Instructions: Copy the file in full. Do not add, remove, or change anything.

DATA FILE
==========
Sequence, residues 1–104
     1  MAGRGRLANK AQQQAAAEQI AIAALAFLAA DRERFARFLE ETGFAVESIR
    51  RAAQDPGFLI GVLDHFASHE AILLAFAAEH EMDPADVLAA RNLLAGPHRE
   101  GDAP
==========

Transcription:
Sequence, residues 1–104
     1  MAGRGRLANK AQQQAAAEQI AIAALAFLAA DRERFARFLE ETGFAVESIR
    51  RAAQDPGFLI GVLDHFASHE AILLAFAAEH EMDPADVLAA RNLLAGPHRE
   101  GDAP